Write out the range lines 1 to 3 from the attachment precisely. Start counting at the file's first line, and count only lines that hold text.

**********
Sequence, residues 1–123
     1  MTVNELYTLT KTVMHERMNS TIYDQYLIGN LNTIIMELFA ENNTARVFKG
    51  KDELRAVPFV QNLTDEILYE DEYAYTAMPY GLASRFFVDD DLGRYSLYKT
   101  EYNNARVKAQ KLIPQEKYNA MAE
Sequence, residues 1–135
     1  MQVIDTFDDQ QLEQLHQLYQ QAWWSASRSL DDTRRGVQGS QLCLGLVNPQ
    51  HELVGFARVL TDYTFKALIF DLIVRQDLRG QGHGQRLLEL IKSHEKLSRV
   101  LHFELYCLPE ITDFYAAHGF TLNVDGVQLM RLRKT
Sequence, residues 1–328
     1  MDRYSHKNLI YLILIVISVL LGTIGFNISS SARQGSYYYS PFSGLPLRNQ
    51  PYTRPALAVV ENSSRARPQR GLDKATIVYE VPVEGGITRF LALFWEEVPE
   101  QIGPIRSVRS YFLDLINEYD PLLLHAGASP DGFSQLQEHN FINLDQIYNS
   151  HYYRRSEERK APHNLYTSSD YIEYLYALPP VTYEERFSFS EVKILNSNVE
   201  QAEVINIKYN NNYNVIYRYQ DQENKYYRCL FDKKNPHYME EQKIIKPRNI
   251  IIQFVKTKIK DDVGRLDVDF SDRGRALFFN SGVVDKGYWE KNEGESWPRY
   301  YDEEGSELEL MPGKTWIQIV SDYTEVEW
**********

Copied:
Sequence, residues 1–123
     1  MTVNELYTLT KTVMHERMNS TIYDQYLIGN LNTIIMELFA ENNTARVFKG
    51  KDELRAVPFV QNLTDEILYE DEYAYTAMPY GLASRFFVDD DLGRYSLYKT